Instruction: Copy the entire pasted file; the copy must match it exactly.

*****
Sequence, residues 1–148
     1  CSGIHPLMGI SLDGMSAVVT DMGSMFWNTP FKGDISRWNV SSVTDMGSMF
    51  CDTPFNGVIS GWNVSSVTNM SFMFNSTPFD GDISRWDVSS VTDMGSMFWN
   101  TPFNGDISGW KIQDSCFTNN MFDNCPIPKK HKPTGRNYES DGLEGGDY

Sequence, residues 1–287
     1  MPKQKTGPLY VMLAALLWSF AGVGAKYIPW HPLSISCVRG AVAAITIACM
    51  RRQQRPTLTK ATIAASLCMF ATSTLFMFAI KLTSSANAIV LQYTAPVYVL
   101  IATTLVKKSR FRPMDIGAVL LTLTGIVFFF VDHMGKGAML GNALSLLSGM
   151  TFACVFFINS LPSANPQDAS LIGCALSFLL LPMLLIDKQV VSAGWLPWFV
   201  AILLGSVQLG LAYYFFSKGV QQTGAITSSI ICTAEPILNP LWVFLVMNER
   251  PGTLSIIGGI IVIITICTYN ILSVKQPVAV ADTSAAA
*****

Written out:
Sequence, residues 1–148
     1  CSGIHPLMGI SLDGMSAVVT DMGSMFWNTP FKGDISRWNV SSVTDMGSMF
    51  CDTPFNGVIS GWNVSSVTNM SFMFNSTPFD GDISRWDVSS VTDMGSMFWN
   101  TPFNGDISGW KIQDSCFTNN MFDNCPIPKK HKPTGRNYES DGLEGGDY

Sequence, residues 1–287
     1  MPKQKTGPLY VMLAALLWSF AGVGAKYIPW HPLSISCVRG AVAAITIACM
    51  RRQQRPTLTK ATIAASLCMF ATSTLFMFAI KLTSSANAIV LQYTAPVYVL
   101  IATTLVKKSR FRPMDIGAVL LTLTGIVFFF VDHMGKGAML GNALSLLSGM
   151  TFACVFFINS LPSANPQDAS LIGCALSFLL LPMLLIDKQV VSAGWLPWFV
   201  AILLGSVQLG LAYYFFSKGV QQTGAITSSI ICTAEPILNP LWVFLVMNER
   251  PGTLSIIGGI IVIITICTYN ILSVKQPVAV ADTSAAA